November 6, 2023

23% of Nigerian women suffer from breast cancer – EXPERTS

By Dickson Omobola

The Chief Medical Director of MeCure Healthcare Limited, Dr. Adeniji Adeoluwa, weekend raised the alarm that 23 percent of Nigerian women suffer from breast cancer, saying 140,000 people are likely to have the disease annually.

Adeoluwa lamented that the mortality rate of breast cancer in West Africa has failed to reduce because victims seek preventive measures late.

Speaking in Lagos during an event organised by the organisation to mark Breast Cancer Awareness Month, Adeoluwa, urged women to be consistent in examining their breasts and call the attention of an expert if anything unusual is detected.

Adeoluwa, who regretted the shortage of oncologists in the country, also urged the government to create a conducive environment for medical practitioners.

He said, “Generally, breast cancer is a disease that affects mostly women, but men also have breast cancer. For men, it is not as common as we have in women, and that is the reason nobody talks about breast cancer in men.

“In this part of the world, people prevent it very late. They come when the cancer is advanced. As a result, you will do your best, but you cannot cure the cancer. Cancer is curable when detected very early. It is the reason for having this campaign so that people can know that the whole essence is for them to go to the hospital, report the cases on time, detect them early, and be cured.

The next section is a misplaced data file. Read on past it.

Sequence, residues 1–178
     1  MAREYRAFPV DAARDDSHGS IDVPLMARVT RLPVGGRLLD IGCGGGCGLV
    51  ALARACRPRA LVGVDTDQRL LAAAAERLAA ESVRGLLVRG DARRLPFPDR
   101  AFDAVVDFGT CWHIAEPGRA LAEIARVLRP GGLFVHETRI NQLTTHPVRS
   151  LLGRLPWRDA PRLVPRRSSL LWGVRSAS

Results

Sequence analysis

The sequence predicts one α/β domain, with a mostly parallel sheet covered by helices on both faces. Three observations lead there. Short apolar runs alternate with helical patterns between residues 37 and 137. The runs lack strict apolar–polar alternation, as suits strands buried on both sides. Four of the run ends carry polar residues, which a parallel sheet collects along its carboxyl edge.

“When it comes to breast cancer globally, we emphasize prevention, early detection, and early treatment. When we talk about prevention, we talk about creating awareness. For instance, letting people know what they can do to prevent cancer.”

On the number of oncologists in the country, he said: “Nigeria has less than 100 oncologists, but it is still better than what some African countries are going through presently. There are states in Nigeria that don’t have a single oncologist. The journey is still very far.

“To train an oncologist takes many years. When they are fully trained, most of the time they have made up their minds about leaving the country. It is so bad that senior professors are leaving. If we look at what is going on, it is so challenging. The policymakers will have to make the country attractive for professionals to stay. They also have to make up their minds to channel resources into the healthcare sector.”